Raspberry Pi: Wake from Sleep – Command

While using a Raspberry Pi (RPi) connected to a monitor or TV over HDMI, you may notice that the screen will be automatically put to sleep after a certain amount of time of inactivity.

To wake the RPi it is usually enough just to move a mouse or press some key button.

But if you are connected remotely over SSH, it seem that the only thing that you can do to wake the RPi from sleep is to reboot it.

Lucky there is a way to wake the RPi and unblank the screen from a terminal by changing display power management and screen saver settings.

Cool Tip: HDMI hotplug settings on a Raspberry Pi! Read more →

Wake RPi from Sleep

😴 Wake RPi from Sleep: Actually, there’s no wake/sleep functionality in RPi, but it can blank the video device connected to the screen. When the display stops receiving a video signal, it usually goes into a sleep mode.

If you have connected to your PRi over SSH, first of all you should specify on which display you want to unblank the screen:

$ export DISPLAY=:0

To identify the display number, execute:

$ w
- sample output -
 13:47:34 up 7 min,  3 users,  load average: 0.17, 0.38, 0.26
pi      tty1    -               13:39   8:03  0.15s 0.11s -bash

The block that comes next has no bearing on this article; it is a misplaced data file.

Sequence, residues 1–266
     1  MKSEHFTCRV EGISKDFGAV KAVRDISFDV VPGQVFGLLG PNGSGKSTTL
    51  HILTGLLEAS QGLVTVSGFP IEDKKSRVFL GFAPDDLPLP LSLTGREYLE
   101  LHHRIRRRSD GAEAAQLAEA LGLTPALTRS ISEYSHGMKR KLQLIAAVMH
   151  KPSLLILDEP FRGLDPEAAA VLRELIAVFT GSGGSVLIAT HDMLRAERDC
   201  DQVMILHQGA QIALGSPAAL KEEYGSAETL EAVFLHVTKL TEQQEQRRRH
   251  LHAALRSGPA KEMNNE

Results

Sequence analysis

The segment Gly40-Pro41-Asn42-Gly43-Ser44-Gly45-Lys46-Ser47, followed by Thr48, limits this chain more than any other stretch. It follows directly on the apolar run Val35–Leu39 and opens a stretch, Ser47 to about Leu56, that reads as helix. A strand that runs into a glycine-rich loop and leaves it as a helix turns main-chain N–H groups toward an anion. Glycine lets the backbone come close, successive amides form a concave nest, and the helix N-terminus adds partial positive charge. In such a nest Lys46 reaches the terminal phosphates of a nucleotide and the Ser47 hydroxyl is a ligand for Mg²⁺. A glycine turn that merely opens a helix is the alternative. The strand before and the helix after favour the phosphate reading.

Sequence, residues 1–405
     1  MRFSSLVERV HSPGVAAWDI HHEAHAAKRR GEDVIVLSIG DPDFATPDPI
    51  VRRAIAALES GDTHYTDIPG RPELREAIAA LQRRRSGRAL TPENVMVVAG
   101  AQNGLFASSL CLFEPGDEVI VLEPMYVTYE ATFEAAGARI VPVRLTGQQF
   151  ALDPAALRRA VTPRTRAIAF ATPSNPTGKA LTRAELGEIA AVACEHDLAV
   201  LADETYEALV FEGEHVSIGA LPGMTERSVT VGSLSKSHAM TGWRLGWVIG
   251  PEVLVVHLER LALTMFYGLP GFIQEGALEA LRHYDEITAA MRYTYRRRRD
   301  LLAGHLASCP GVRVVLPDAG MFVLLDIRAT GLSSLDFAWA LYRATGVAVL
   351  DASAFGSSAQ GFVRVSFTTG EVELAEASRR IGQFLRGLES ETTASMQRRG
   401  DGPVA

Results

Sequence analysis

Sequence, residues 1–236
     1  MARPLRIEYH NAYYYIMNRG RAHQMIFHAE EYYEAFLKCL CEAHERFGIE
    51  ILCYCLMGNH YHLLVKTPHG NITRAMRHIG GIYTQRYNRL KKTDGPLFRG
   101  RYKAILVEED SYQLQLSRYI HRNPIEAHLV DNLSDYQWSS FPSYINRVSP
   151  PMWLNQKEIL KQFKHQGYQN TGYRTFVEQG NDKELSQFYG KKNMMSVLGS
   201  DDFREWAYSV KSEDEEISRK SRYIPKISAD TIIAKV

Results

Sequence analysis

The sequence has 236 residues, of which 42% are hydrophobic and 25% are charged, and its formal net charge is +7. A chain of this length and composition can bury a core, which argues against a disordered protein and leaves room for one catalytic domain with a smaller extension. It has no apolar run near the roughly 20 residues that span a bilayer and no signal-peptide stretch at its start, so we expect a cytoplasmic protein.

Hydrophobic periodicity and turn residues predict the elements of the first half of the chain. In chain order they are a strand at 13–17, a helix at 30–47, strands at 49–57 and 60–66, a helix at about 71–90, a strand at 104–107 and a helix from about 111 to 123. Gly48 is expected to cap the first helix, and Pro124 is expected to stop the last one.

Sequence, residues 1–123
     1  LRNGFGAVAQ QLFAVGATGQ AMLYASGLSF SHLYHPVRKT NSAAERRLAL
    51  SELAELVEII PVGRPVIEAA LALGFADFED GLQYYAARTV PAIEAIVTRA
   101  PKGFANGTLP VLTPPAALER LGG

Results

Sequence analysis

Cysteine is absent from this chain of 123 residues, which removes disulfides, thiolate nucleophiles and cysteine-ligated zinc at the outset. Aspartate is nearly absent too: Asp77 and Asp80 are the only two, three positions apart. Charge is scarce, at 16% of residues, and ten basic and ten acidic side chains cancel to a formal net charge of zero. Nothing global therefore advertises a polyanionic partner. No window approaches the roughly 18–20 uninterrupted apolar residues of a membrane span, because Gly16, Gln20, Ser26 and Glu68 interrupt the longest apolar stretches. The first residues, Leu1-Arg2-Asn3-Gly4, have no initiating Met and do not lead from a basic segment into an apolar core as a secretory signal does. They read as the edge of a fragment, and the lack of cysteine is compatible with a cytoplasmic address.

pi      tty7    :0 ←            13:39   8:02  1.87s 0.18s /usr/bin/lxsession -s LXDE-pi -e LXDE
pi      pts/0    13:40   2.00s 0.15s 0.03s w

To wake the monitor connected to your Raspberry Pi, try the commands below.

  • Disable/enable display power management signaling (DPMS) features:
    $ xset -dpms && xset +dpms
  • Turn the screen saver off and on:
    $ xset s off && xset s on
  • Turn the screen blanking off and on:
    $ xset s noblank && xset s blank

Cool Tip: Shutdown & reboot a Raspberry Pi safely! Read more →

You can determine the power state of the connected monitor, the values of the DPMS and screen saver parameters by using the command below:

$ xset q
- sample output -
Keyboard Control:
  auto repeat:  on    key click percent:  0    LED mask:  00000000
  XKB indicators:
    00: Caps Lock:   off    01: Num Lock:    off    02: Scroll Lock: off
    03: Compose:     off    04: Kana:        off    05: Sleep:       off
    06: Suspend:     off    07: Mute:        off    08: Misc:        off
    09: Mail:        off    10: Charging:    off    11: Shift Lock:  off
    12: Group 2:     off    13: Mouse Keys:  off
  auto repeat delay:  500    repeat rate:  30
  auto repeating keys:  00ffffffdffffbbf
  bell percent:  50    bell pitch:  400    bell duration:  100
Pointer Control:
  acceleration:  20/10    threshold:  10
Screen Saver:
  prefer blanking:  yes    allow exposures:  yes
  timeout:  600    cycle:  600
  default colormap:  0x20    BlackPixel:  0x0    WhitePixel:  0xffffff
Font Path:
DPMS (Energy Star):
  Standby: 600    Suspend: 600    Off: 600
  DPMS is Enabled
  Monitor is On

To permanently disable/enable the screen saver – use the Raspberry Pi configuration tool:

$ raspi-config

Select the “Advanced Options” and then the “Screen Blanking”:

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